ACKNOWLEDGMENTS

We are grateful to the authorities of Environment Organization of Tehran Province and Karaj. Without their collaboration, conducting of this project would have been impossible.

REFERENCES
1:  Amtstaetter, F., 2000. Lake Trout and Lake Whitefish Summer Diet Study, 1999. Lake Simcoe Fisheries Assessment Unit Update N. 2000-1. Ontario Ministry of Natural Resources. Sutton West, Ontario, pp: 2.

2:  Berg, S., E. Jeppesen, M. Sondergaard and E. Mortensen, 1994. Environmental effects of introducing whitefish (Coregonus lavaretus) in Lake Ring. Hydrobiologia, 276: 71-79.

3:  EIFAC, UINS and ICES, 1982. Report of working group on standardization of methodology in fish nutrition research. EIFAC Technical, pp: 36.

4:  Enz, C.A., E. Schaffer and R. Muller, 2002. Growth and survival of Lake Hallwil whitefish (Coregonus spp.) fry reared on dry and live food. Arch. Hydrobiol., 148: 499-516.

5:  Harris, K.C., 1992. Techniques used for fully-intensive culture of lake whitefish (Coregonus clupeaformis) fry and yearling in Ontario, Canada. Plaskie Archiwum Hydrobiologii, 39: 713-720.

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8:  Kuzminski, H., S. Dobosz, W. Pelczarski and M. Koziol, 1996. An Attempt to Determine the Suitability of three Artifical Foods for the Feeding of Baltic Whitefish Fry (Coregonus lavaretus L. Forma baltica) in the Conditions of Salmonid Research Laboratory in Rutki. Inland Fisheries Institute, Poland.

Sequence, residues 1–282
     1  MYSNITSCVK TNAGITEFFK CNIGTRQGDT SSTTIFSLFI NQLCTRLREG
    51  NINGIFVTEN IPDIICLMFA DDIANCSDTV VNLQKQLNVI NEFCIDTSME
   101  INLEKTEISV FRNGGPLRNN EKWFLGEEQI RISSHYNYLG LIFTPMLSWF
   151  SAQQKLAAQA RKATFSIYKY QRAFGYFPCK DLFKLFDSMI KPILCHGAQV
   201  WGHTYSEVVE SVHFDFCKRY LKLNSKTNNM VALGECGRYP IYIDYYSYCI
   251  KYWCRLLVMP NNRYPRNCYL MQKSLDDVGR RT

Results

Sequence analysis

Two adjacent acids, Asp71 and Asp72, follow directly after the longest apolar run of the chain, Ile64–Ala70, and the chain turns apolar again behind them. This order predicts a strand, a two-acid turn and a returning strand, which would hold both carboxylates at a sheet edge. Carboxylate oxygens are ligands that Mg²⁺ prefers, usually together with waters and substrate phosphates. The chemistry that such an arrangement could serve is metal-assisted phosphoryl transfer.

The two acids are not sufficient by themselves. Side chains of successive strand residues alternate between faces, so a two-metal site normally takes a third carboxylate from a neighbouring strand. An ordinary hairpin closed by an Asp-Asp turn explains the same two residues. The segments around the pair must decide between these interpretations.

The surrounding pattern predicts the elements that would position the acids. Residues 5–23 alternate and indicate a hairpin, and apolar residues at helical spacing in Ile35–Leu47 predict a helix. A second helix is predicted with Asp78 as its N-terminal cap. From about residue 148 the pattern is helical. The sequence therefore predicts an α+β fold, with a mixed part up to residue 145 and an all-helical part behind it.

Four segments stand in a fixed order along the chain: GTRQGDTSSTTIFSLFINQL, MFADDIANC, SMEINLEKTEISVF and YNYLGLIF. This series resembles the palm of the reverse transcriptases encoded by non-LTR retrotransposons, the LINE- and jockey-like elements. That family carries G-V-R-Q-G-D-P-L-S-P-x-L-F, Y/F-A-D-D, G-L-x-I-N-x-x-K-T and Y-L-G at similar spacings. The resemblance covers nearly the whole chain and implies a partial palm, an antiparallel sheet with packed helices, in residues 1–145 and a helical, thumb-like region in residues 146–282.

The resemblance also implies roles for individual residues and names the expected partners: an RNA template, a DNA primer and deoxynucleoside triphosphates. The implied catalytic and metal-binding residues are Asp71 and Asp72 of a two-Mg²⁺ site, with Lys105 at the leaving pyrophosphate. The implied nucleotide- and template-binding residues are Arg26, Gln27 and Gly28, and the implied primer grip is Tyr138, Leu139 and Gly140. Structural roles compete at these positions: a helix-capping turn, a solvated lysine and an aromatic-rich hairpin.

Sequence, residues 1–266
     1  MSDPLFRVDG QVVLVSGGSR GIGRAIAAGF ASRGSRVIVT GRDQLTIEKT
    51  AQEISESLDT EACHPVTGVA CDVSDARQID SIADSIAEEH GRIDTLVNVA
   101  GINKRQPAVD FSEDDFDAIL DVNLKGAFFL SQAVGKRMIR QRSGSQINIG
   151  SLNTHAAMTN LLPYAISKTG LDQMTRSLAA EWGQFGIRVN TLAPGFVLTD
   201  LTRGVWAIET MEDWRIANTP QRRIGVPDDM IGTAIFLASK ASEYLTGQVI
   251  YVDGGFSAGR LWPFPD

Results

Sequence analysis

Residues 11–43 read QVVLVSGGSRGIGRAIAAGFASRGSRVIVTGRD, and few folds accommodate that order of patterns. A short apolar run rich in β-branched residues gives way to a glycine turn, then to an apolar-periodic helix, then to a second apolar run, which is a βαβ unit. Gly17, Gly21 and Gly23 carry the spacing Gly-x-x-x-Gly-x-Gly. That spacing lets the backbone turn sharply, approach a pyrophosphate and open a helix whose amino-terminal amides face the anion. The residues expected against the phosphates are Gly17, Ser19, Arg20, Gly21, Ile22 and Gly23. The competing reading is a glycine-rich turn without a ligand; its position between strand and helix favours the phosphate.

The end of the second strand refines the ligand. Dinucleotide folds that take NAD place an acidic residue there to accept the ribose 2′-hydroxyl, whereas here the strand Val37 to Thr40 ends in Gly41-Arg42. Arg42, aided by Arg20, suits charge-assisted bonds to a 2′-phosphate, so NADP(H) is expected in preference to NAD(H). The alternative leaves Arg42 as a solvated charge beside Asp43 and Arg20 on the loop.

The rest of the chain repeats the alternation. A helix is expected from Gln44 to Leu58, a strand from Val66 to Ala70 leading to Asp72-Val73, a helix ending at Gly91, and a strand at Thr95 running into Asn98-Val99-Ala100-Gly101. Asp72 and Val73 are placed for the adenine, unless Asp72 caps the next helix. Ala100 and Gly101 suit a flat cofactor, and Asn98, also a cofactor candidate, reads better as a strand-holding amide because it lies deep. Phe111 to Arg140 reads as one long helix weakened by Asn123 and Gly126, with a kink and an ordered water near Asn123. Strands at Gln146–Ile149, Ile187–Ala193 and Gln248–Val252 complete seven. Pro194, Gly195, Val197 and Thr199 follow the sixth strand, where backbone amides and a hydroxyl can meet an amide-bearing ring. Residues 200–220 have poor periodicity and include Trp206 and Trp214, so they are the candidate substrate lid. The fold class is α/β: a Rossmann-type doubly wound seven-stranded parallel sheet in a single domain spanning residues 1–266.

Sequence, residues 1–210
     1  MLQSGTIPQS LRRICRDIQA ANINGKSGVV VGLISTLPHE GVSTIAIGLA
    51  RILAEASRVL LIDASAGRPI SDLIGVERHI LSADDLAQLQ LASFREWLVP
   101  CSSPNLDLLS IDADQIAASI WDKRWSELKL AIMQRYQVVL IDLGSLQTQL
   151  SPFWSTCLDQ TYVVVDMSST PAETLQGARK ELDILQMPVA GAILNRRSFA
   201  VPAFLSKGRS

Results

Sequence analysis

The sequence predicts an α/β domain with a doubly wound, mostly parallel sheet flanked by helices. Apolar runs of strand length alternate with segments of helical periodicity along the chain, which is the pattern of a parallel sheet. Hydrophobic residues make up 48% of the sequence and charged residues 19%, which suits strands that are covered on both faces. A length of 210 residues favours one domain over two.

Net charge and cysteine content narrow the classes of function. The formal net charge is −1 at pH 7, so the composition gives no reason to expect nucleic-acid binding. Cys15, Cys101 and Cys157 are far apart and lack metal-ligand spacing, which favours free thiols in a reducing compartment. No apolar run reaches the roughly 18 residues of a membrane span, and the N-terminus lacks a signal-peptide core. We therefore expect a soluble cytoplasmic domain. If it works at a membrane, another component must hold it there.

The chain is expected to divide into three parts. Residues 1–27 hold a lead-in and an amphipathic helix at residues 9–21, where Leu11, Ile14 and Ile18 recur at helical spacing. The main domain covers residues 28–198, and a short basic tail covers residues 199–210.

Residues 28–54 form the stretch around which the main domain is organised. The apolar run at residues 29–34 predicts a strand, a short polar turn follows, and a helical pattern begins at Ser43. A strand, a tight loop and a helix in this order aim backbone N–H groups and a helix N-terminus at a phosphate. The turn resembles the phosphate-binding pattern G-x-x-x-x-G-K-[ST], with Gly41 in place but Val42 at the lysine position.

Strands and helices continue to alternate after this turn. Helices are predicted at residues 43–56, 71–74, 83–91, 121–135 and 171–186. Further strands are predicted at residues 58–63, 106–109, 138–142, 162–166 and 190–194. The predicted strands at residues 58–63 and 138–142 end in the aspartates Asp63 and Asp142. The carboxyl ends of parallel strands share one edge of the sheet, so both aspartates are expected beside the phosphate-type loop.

9:  Lasenby, T.A. and S.J. Kerr, 2001. Lake whitefish culture and stocking: An annotated bibliography and literature review. Fisheries Section Fish and Wildlife Branch Ontario Ministry Natural Resources.

10:  Luczynski, M., P. Majkowski, R. Bardega and K. Dabrowski, 1986. Rearing of fry of four coregonid species using dry and live food. Aquaculture, 56: 179-185.

11:  Rissanen, L., 1995. The favourable feeding rate of Coregonus lavaretus in first feeding at 11°C Temperature. J. Fish Biol., 3: 325-331.

12:  Troschel, H.J. and R. Rosch, 1990. Daily ration of juvenile Coregonus lavaretus (L.) fed on living zooplankton. J. Fish Biol., 38: 95-104.